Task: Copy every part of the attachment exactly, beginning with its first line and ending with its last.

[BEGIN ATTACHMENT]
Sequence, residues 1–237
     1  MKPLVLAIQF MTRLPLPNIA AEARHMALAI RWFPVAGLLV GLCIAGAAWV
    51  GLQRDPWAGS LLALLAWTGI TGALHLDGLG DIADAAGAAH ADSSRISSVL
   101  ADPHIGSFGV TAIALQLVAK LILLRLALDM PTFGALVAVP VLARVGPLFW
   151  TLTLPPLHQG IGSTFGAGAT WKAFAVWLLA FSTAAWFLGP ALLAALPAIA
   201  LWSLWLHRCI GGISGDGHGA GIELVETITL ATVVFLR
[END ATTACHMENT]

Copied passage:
Sequence, residues 1–237
     1  MKPLVLAIQF MTRLPLPNIA AEARHMALAI RWFPVAGLLV GLCIAGAAWV
    51  GLQRDPWAGS LLALLAWTGI TGALHLDGLG DIADAAGAAH ADSSRISSVL
   101  ADPHIGSFGV TAIALQLVAK LILLRLALDM PTFGALVAVP VLARVGPLFW
   151  TLTLPPLHQG IGSTFGAGAT WKAFAVWLLA FSTAAWFLGP ALLAALPAIA
   201  LWSLWLHRCI GGISGDGHGA GIELVETITL ATVVFLR